Khunying Khaisri

Minister for Culture in the Surayud regime, Khunying Khaisri Sriarun, is leading the charge against inappropriate coyote dancing. Khunying Khaisri has impeccable cultural and royal connections. She is reported as being the former President of Silpakorn University, serves as secretary of the Princess Maha Chakri Sirindhorn Foundation (and sits on the committee of the Princess Maha Chakri Sirindhorn Anthropology Centre) and she is President of Naresuan University and Silpakorn University Councils. She is co-author of a book on the art of Sukhotai. She has responded promptly to the challenges of post-coup cultural renovation. Thai Rat reports on a ban on coyote dancing for girls under 20. Here is a summary of the article:

The ban was a response to Her Majesty the Queen’s concern over a popular racy dance by “Coyote Girls” as seen in the news of the celebration of the end of Buddhist Lent in Phonphisai, Nong Khai Province, bordering Laos, where people came to celebrate the Naga fireballs from the Mekong River. Very close to the temple grounds, a local motorcycle shop hired coyote girls to promote its wares. The practice seems inappropriate for this location. Different authorities involved (culture, religious, education, social development, family, women and children) have responded in different ways to reinforce the rules and regulations to prevent this practice. There is a need to protect young girls under 20; to protect the good image of the country; and to prevent crime provoked by sexy dancing.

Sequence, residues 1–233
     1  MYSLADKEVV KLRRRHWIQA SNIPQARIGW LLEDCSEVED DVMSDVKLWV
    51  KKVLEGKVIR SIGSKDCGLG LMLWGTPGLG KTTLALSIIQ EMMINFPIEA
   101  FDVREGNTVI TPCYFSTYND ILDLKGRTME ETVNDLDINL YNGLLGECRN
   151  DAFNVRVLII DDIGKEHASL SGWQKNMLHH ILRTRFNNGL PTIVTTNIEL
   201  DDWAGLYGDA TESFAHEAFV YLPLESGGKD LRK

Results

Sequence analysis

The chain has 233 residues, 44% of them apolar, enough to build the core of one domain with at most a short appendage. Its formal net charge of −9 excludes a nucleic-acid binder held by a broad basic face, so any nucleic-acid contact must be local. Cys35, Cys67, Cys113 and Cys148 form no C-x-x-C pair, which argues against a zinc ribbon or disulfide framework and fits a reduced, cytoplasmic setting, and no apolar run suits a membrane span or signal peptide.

Short-term and long-term measures have been launched to deal with the matter. The local administration and police were ordered to prevent the shows in public places. The Culture and the Education Ministries will enact a Ministerial regulation banning students aged below 20 from working as “Coyote Girls” or “Pretty Girls”. For the long-term solution, the Ministry of Culture will hold meetings and workshops with parents, academics, young people and entrepreneurs, to focus on what are the appropriate behaviors in society. These will lead to the solution in a sustainable manner. The scheme will be promoted as a national agenda. (Thanks to Ai Man for the summary.)

The Nation reports an “informed source” as saying that “as a solution, part-time jobs will be made available for students during their school holidays.” But in another Nation report there are already signs of cracks emerging in the campaign:

Education Minister Wijit Srisa-an said Tuesday that he disagreed with the plan by the Culture Ministry to ban girls under 20 years old to make living from dancing. Wijit said the ban should have nothing to do with age but should instead focus on manner of the shows in public places. “I think the issue is getting weird. The ban should focus on improper behaviours in public places instead,” Wijit said.

Weird indeed!